Wednesday, August 27, 2008

The Case for the Sound of Thunder

It snuck up on me all of a sudden. While seated in the darkened cinema, an advertisement screened for the most ridiculous soft drink I had never heard of. That was followed by a trailer for another sequel to a trilogy of films I had never heard of. And by the time Robert Downey Junior showed up in a cassock with Tobey Maguire clutching his rosary beads, I knew the movie – if not the movie proper – had begun.

Tropic Thunder begins (after the mock trailers) with a bang or seven, and then settles down into a fairly familiar rhythm. This is a Ben Stiller film, so everything is pretty much telegraphed from the get-go, but there are still chuckles aplenty. Amazing turns from Robert Downey Junior, as a scarily-blue eyed Australian wunder-thesp who had cosmetic surgery to turn him black for his current role, and a barely recognisable Tom Cruise keep things very lively, though when Ben Stiller appears solo centre stage, a feeling of creeping death started to gnaw at me.

In fact, quite a few people were turned off Tropic Thunder by the Ben Stiller factor, and I have to say that I am turning into one of those people too. His scenes just weren’t that funny, and his character was just a slightly less dense (and much less appealing) Derek Zoolander. Jack Black played the fat man to a similar level of comedic success, and Nick Nolte played grizzled experience for the first 15 minutes of the film and then kind of faded away. But they didn’t really matter in the grand scheme of things: Robert Downey Junior and Tom Cruise are all the reasons one needs to see this film.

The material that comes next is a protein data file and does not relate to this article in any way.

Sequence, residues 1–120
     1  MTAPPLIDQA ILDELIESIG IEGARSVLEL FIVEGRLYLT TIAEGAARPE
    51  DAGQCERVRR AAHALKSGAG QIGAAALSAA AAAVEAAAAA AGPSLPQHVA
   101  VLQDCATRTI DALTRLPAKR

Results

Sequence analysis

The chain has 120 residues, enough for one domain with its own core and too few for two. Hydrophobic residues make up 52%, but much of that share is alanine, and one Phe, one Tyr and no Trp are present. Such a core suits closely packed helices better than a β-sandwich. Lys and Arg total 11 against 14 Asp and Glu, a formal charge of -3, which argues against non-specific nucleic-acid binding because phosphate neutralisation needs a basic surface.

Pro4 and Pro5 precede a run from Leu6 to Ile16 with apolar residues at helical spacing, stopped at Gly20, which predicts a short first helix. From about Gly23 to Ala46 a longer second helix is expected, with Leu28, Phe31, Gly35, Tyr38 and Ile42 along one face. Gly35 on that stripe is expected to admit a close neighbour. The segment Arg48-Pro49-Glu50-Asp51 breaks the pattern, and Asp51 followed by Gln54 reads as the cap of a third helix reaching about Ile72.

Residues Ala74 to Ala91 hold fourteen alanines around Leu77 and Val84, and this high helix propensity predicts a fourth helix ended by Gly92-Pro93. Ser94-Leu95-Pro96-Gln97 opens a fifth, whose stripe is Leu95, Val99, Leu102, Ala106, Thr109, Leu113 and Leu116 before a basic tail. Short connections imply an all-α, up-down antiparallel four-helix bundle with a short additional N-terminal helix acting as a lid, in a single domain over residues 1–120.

There were guest cameos aplenty: Jon Voight, Jennifer Lovely Hewitt and the aforementioned Tobey Maguire (amongst others) all showed up for a wee while, and there were plenty of “white men being black” scenes for negative hipness points. As the movie is all about guys making a war movie, there were no female characters, and thus no love story, which leaves lots of room for guns, explosions and fairly quick and trite self-epiphanies, of which there were plenty.

But for all of its unoriginality and superficiality, Tropic Thunder is loads of stupid, simple fun, with a few movie references thrown in for good measure. For me, the film started at a high comedic point (especially with those trailers) and then swiftly plunged into only moments of hilarity by the time Steve Coogan departed. But there were still guffaws to be had throughout, and the final dance scene has to be seen to be believed.

Verdict: Aiming low and reaching that goal, Tropic Thunder is a load of nonsense with a few very good performances making it worth the watch. Everyone had fun though, both on the screen and in the audience, which was the main thing. 6.5 Platoons out of 10.

Sunday, August 24, 2008

The Case for Olympic Gold